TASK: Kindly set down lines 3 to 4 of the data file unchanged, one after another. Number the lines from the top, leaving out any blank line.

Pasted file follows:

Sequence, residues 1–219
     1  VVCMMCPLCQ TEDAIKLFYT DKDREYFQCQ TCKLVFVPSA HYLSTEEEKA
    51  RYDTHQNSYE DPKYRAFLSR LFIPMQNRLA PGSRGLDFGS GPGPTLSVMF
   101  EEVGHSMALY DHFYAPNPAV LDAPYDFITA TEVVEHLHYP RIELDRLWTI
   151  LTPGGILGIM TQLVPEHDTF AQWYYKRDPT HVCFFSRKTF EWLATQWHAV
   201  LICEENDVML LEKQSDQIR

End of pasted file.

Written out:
    51  RYDTHQNSYE DPKYRAFLSR LFIPMQNRLA PGSRGLDFGS GPGPTLSVMF
   101  EEVGHSMALY DHFYAPNPAV LDAPYDFITA TEVVEHLHYP RIELDRLWTI